I had the privilege this morning of hearing Ishmael Khaldi speak at Beth Tikvah Synagogue in Toronto. Mr. Khaldi is a Bedouin, Muslim Israeli who has held high ranking positions in the Israeli army and foreign ministry. For the first 8 years of his life, he grew up in a tent in a Bedouin village. He later attended a predominantly Muslim high school in the Haifa area. After high school, he served in the Israeli Defence Forces and eventually accepted a position with Israel’s Foreign Ministry.
Mr. Khaldi has been on worldwide tour – which has included stops in Canada, the United States, various European countries and South Africa. His tour is timed to coincide with the odious “Israel Apartheid Week” – but his message is entirely different. Mr. Khaldi is travelling the world to speak about the Israel that he knows and loves – a country that offers equality of opportunity, democracy, freedom and respect for people of all different religious and ethnic backgrounds.
The campaign to delegitimize Israel by framing it as an “apartheid” regime is disingenuous if not outright anti-Semitic. There is little doubt that Israel faces a difficult political challenge of trying to negotiate a lasting arrangement with the Palestinians. The current situation in Gaza and the West Bank is untenable and begs for a political agreement. But unfortunately, this historically complicated situation is not answered by one dimensional call to “return” to 1967 borders – which themselves were the product of a 1948 war. Jerusalem, for example, was scheduled to be an “international city” but was simply taken over and controlled by Jordan between 1948 and 1967. Today’s Jerusalem guarantees and preserves religious sites for three major faiths – Judaism, Christianity and Islam – which certainly was not the case between 1948 and 1967.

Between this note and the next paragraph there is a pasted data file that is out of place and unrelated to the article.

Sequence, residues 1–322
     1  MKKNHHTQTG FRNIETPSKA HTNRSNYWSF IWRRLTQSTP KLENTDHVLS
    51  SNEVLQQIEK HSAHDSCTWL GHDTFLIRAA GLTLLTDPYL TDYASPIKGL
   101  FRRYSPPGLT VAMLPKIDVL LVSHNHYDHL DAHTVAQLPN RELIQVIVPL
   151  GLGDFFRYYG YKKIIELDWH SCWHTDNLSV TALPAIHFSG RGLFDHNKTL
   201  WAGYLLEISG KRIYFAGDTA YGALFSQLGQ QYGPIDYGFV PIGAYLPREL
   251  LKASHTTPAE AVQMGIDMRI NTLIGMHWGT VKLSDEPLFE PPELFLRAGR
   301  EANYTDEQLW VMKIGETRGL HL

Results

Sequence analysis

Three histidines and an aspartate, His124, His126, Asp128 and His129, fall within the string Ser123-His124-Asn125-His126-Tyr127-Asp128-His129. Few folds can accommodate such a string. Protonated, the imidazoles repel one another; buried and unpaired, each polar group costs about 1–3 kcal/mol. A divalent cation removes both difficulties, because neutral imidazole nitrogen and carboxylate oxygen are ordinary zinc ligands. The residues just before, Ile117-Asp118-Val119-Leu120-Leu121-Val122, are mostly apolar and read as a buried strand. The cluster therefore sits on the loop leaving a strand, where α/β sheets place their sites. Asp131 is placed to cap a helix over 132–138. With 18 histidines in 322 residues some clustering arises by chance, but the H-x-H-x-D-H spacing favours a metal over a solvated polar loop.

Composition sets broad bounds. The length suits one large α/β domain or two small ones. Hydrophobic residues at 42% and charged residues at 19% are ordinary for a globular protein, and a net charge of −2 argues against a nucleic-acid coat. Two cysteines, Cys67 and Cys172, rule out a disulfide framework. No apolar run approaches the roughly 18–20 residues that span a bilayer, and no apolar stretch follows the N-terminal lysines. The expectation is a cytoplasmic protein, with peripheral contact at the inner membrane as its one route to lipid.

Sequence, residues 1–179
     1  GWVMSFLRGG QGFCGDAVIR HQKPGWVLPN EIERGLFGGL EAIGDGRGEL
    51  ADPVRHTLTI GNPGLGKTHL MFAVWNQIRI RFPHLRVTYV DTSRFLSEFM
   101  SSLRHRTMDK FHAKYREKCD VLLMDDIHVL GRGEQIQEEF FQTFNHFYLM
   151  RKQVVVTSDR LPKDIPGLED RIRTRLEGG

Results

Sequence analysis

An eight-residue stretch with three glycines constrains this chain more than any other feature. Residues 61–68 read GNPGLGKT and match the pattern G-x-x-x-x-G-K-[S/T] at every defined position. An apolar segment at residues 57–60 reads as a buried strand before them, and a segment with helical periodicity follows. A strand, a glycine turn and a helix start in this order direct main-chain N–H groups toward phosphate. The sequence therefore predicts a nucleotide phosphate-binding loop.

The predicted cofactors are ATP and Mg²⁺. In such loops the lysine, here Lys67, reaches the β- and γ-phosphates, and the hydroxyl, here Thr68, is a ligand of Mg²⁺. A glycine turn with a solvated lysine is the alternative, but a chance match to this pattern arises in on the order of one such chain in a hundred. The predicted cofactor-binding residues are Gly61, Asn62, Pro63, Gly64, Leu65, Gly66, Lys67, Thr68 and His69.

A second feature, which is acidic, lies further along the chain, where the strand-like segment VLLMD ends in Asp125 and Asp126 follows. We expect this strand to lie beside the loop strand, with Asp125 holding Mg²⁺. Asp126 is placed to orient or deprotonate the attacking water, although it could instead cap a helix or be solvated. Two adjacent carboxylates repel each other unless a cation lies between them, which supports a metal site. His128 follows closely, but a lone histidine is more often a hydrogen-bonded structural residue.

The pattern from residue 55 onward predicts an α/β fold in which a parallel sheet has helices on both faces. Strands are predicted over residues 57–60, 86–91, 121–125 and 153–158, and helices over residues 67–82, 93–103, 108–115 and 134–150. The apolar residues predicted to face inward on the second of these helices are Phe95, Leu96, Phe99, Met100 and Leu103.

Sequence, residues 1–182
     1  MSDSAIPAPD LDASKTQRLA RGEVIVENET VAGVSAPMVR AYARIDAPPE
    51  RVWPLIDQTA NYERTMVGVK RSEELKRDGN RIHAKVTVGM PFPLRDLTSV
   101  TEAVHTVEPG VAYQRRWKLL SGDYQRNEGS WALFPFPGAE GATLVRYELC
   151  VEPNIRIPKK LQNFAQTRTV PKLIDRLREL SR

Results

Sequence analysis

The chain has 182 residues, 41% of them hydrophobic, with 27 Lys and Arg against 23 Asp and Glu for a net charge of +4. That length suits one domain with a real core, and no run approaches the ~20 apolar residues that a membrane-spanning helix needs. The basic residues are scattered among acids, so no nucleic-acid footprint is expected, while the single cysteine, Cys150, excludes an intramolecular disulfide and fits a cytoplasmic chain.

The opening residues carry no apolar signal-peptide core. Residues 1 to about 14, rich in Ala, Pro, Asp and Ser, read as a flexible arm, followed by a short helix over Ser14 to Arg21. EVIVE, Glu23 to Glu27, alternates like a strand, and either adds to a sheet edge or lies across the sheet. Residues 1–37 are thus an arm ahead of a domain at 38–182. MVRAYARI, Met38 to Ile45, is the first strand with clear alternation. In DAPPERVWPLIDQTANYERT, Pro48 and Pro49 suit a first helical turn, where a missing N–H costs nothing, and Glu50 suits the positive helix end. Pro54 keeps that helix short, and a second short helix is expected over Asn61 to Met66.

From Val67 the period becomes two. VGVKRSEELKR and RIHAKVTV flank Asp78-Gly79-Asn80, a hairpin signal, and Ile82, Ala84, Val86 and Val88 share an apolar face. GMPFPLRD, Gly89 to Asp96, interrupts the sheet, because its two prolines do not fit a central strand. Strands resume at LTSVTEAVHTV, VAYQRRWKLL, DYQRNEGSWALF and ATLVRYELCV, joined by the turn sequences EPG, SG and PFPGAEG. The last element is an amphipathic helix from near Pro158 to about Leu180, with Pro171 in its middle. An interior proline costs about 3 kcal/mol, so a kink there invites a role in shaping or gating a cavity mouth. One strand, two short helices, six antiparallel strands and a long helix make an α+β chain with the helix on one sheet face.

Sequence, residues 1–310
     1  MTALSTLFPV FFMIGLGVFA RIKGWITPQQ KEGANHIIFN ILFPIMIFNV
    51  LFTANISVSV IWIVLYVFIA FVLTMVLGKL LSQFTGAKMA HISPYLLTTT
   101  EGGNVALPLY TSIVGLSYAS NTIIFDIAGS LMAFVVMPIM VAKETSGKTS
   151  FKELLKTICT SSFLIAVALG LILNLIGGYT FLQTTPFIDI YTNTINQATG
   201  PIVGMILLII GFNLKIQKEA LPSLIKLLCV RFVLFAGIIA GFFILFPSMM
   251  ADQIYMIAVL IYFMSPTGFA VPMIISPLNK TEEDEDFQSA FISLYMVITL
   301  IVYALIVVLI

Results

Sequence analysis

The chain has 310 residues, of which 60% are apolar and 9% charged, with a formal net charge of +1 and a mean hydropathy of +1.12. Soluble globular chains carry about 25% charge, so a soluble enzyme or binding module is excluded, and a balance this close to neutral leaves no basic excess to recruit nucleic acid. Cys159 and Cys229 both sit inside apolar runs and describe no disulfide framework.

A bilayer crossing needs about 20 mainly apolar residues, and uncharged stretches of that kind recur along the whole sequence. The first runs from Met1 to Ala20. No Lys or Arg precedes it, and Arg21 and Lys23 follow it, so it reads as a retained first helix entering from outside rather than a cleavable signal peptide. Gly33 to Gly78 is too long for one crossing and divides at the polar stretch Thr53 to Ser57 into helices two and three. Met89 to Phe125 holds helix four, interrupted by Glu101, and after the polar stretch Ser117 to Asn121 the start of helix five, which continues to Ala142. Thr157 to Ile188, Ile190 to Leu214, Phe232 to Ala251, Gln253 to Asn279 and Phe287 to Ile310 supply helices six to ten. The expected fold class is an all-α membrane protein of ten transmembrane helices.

Because there has not been a political solution – the status of residents in Gaza and the West Bank is not legally clear. Israel has not annexed these areas and does not view the citizens of Gaza and the West Bank as its citizens. If these people ultimately have their own state – is it problematic that there would be a separation between these people and the people living in Israel? Is it problematic that each group would have the opportunity to address their own cultural and national aspirations within their own borders?
Within Israel, citizens are all entitled to equality under the law. All citizens, Muslims, Christians and Jews can access an independent Court system and are entitled to full protection of the law. Mr. Khaldi’s message was that a Bedouin, a Muslim, growing up in Israel – has full access to opportunity and to be treated as an equal in Israeli society. Although he acknowledged that things are not perfect and that Israel faces an array of political challenges – his overriding message was that he was happy and proud to be an Israeli – even as a member of a minority religious group.
This commitment to equality - along with the fact that Israel is the only Jewish state in the world – is what separates Israel from the vast majority of its predominantly Muslim neighbours. It is Israel that protects these rights while serving as a homeland for the Jewish people. It is the other countries – Saudi Arabia, Iran, and Libya – to name a few – that are characterized by xenophobia, misogyny and religious intolerance. The singling out of Israel in light of the reality of the Middle East is what makes “Israel Apartheid week” such a hypocritical and cancerous hate-fest. While this has been recognized by the current Canadian government – let’s hope that friends of democracy and tolerance around the world come to the same realization.